The State Organization Index provides an alphabetical listing of government organizations, including commissions, departments, and bureaus.
Top-requested sites to log in to services provided by the state
No, regular paint is not an encapsulant. Homeowners must have a lead inspection by a licensed Massachusetts lead inspector before they apply encapsulant as a deleading method.
Encapsulants can only be used on surfaces that are in good condition. Encapsulants will not work on surfaces that are:
An encapsulant must be applied to an entire architectural element. For example, you would cover a whole wall with encapsulant rather than a wall corner.
You do not need to be a licensed deleader to apply encapsulant. However, anyone planning on applying it must first become trained through reviewing a brief training booklet and take an at-home test. You must return the at-home test to Massachusetts Childhood Lead Poisoning Prevention Program (CLPPP). You will receive an authorization number to apply encapsulants.
Childhood Lead Poisoning Prevention Program
250 Washington St.
Boston, MA 02108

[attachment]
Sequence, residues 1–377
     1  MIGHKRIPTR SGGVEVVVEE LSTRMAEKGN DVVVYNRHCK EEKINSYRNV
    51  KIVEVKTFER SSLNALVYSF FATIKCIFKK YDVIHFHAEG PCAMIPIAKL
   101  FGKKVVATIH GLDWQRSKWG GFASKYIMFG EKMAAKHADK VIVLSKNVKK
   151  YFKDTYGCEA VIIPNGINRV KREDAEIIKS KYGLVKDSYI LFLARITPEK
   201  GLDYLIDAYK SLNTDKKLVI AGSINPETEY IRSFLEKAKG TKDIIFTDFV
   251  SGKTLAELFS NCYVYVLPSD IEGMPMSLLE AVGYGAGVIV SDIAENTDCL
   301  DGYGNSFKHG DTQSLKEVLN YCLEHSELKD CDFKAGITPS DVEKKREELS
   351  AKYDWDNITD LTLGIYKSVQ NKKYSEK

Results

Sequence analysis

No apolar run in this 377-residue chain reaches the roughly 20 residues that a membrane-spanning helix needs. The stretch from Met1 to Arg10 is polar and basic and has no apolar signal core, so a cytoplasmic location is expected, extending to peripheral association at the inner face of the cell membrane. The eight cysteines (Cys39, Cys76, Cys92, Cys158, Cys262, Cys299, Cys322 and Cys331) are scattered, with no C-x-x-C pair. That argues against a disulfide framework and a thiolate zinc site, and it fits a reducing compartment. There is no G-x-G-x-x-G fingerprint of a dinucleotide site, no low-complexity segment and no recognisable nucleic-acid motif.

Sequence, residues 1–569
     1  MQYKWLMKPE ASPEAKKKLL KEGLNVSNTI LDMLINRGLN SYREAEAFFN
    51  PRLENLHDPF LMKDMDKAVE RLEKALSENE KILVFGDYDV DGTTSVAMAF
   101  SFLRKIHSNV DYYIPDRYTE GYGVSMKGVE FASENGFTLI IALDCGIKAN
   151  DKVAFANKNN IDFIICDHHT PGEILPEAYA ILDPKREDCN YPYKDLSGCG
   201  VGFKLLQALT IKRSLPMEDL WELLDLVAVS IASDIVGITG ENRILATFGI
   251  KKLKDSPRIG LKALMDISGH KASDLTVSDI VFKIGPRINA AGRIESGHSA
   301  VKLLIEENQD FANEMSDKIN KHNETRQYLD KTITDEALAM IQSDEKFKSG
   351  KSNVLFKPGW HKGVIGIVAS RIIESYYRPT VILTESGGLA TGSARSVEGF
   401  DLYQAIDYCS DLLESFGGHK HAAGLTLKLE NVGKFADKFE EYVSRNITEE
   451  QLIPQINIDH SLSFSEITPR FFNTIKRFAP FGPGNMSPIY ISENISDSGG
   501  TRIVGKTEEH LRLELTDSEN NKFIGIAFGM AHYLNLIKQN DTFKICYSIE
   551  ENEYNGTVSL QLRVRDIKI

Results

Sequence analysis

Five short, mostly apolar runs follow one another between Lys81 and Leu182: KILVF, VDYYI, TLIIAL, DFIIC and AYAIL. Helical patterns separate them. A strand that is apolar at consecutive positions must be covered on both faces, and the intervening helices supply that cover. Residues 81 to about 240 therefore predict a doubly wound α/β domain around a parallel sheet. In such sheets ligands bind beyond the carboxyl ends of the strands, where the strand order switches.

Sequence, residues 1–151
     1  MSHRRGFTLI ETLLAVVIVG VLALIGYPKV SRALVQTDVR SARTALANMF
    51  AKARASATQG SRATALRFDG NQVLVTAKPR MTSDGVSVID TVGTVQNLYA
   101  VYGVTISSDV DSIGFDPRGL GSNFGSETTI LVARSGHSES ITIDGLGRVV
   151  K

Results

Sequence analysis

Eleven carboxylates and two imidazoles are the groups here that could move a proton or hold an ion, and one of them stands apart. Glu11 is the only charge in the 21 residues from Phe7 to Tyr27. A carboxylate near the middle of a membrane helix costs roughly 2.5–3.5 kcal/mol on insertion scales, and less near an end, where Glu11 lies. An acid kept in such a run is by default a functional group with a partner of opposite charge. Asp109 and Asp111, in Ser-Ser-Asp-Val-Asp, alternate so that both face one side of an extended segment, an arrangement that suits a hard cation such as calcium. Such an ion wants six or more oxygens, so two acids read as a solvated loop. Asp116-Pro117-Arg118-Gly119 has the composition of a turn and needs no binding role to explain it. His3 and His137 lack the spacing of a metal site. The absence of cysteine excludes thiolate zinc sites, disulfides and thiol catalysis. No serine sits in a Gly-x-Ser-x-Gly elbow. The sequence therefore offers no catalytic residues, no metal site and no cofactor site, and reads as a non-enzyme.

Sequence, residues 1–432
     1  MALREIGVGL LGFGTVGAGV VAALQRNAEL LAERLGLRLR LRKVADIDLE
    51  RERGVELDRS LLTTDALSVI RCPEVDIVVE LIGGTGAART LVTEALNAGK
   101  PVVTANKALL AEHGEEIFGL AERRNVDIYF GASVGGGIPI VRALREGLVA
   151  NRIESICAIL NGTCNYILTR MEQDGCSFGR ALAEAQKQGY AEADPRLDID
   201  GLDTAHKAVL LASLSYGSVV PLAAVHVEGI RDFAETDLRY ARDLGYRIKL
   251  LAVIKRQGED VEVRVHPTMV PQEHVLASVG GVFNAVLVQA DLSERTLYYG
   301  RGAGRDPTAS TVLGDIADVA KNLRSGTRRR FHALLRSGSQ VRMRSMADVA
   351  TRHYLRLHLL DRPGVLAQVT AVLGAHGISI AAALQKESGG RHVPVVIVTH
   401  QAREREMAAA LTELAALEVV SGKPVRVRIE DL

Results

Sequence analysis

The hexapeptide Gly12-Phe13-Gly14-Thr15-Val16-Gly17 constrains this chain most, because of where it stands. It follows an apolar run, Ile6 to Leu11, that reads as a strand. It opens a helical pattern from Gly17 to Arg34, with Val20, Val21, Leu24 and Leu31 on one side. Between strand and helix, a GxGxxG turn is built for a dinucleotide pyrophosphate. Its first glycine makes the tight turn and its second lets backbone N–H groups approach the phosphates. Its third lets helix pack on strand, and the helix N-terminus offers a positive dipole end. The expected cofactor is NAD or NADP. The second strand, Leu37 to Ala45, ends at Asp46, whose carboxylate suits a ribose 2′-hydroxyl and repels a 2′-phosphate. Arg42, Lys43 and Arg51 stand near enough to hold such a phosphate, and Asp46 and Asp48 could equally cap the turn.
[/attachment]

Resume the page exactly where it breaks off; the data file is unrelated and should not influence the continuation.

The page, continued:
fax: (617) 624-5777
After you've been trained, you can test the surface to find out if it is strong enough to hold the encapsulant.
Before you start applying encapsulant to a surface, you must test the paint layer to make sure it will stick. The paint layer must be tested if it is leaded or unleaded. This testing is a requirement and must be done before applying encapsulants and is explained in the training.
If the paint layer is peeling from the wall, or not sticking, you need to find a different method of deleading.
Only approved encapsulant products should be applied. They must be on the state register of approved products and have the David Litter laboratory seal. You can find many of these products at most paint and hardware stores.
Encapsulants must be regularly checked to make sure they are in good condition.